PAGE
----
British Columbia acquires PET/CT
VANCOUVER – Cancer patients in B.C. will benefit from a major advance in
cancer care and treatment with the opening of the province’s first
publicly funded PET/CT scanner.
This technology was made possible, in part, through a $5.1 million
emerging-technology investment in PET from the Government of B.C. and
the Provincial Health Services Authority.
Located at the BC Cancer Agency’s Vancouver Centre, the PET/CT scanner
will serve patients from across the province. During the initial
start-up phase, the BC Cancer Agency is using the technology for
patients with non-small cell lung cancer and lymphoma. As the clinical
and operational capacity grows, the BC Cancer Agency’s Provincial Tumour
Groups will review the types of eligible patients.
“B.C. has some of the best cancer outcomes in Canada, and this facility
will further enhance that success,” said health minister George Abbott.
“Congratulations to all those who have been involved in making the new
Centre of Excellence for Functional Cancer Imaging a reality for cancer
patients in British Columbia.”
The PET (positron emission tomography) system is a non-invasive,
whole-body imaging technique. When combined with computed tomography
(CT), it allows physicians to more accurately diagnose and manage
disease, particularly cancer. PET represents a remarkable advance in the
ability to track the progress of disease in the body.
The PET/CT scanner is a flagship for the new Centre of Excellence for
Functional Cancer Imaging, at the BC Cancer Agency, part of the
Provincial Health Services Authority. The centre was developed to
improve cancer diagnosis and treatment planning, to build new research
programs, to apply advances in imaging to cancer treatment, and to
collaborate in national and international programs.
“The establishment of the PET centre not only provides us with
state-of-the-art imaging for optimal cancer patient management, it
positions us to shape the evolving future of imaging at the genomic
level,” said Dr. Simon Sutcliffe, president, BC Cancer Agency. “This
imaging modality enables us to monitor the biology of cancer and its
response to therapy, as opposed to merely its size, position and
Both patients and healthcare professionals will benefit from the
availability of PET/CT. It gives patients a single, highly effective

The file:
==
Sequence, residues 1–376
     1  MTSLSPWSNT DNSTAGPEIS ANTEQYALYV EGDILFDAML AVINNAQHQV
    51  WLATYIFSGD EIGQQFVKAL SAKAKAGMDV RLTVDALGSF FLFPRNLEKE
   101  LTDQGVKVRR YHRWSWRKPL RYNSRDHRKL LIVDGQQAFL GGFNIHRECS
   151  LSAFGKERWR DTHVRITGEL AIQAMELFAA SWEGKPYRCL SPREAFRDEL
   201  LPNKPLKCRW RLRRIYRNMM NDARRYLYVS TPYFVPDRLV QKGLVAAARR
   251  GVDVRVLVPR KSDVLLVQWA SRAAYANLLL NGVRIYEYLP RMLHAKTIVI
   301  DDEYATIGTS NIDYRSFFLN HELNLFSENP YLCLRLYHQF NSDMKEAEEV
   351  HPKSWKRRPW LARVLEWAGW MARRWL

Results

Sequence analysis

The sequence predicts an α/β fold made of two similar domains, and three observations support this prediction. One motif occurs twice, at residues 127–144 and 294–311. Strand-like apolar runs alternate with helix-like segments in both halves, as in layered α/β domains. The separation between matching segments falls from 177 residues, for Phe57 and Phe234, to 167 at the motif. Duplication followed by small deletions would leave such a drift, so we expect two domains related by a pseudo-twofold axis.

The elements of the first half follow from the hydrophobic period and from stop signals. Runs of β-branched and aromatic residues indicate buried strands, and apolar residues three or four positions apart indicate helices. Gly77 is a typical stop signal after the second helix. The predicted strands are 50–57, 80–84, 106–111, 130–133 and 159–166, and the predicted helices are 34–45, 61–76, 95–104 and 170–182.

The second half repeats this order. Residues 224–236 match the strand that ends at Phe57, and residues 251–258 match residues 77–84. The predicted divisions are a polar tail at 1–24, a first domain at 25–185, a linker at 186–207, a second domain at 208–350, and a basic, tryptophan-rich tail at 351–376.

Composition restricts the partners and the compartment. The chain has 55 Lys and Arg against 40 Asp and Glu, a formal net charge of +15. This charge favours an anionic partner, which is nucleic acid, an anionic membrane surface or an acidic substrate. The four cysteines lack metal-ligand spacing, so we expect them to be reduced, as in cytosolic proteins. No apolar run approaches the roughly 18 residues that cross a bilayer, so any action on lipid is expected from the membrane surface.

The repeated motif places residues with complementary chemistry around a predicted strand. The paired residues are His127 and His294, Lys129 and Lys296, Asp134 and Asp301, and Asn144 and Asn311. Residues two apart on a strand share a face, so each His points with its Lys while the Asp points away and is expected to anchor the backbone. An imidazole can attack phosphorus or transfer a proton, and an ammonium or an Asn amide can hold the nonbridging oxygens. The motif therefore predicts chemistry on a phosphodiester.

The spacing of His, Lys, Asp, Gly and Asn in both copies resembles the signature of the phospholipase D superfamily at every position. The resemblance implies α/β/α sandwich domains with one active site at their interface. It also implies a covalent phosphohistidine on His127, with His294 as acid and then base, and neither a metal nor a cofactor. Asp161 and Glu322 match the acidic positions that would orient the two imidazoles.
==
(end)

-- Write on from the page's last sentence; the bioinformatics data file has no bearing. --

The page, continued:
test that shows the presence and progress of disease, and monitors how
well they are responding to treatment. For healthcare providers, PET/CT
is a tool that enhances their ability to diagnose disease and plan
treatment for the most appropriate and effective therapy.
“This is a commitment by the PHSA and the ministry to the continued
well-being of one of Canada’s most effective cancer care and control
programs,” said Lynda Cranston, president and CEO of the Provincial
Health Services Authority. “Strategic investments like this one help
ensure British Columbians will continue to receive excellent care.”
The opening of the new PET/CT Scanner Facility marks the completion of
the first phase in the development of the Centre of Excellence for
Functional Cancer Imaging.
The next steps are:
• Phase 2: Construction of a cyclotron facility and radiopharmaceutical
lab, used to manufacture radiopharmaceuticals for both clinical and
• Phase 3: Acquisition of a research PET/CT scanner, plus a small animal
PET scanner, to support the BC Cancer Agency’s research program and
contribute to its world-class achievements.
The ability to provide PET imaging for diagnostic and research purposes
is an important tool in the BC Cancer Agency’s Centre of Excellence for
Functional Cancer Imaging, bringing effective, cutting-edge technology
to the residents of B.C.
How PET works: Malignant cells are metabolically active, and use sugar
as an energy source. PET takes a special type of sugar, attaches a
radioactive component (18 F-Fluorodeoxyglucose, or 18 F-FDG) to it, and
injects it into the patient. The PET scanner can detect changes at the
cellular level by monitoring the amount of FDG absorbed by cells. This
allows physicians to tell where normal and abnormal metabolic activity
is happening in the body. Combining this information with CT, a
physician is able to locate the cells and determine if an abnormality is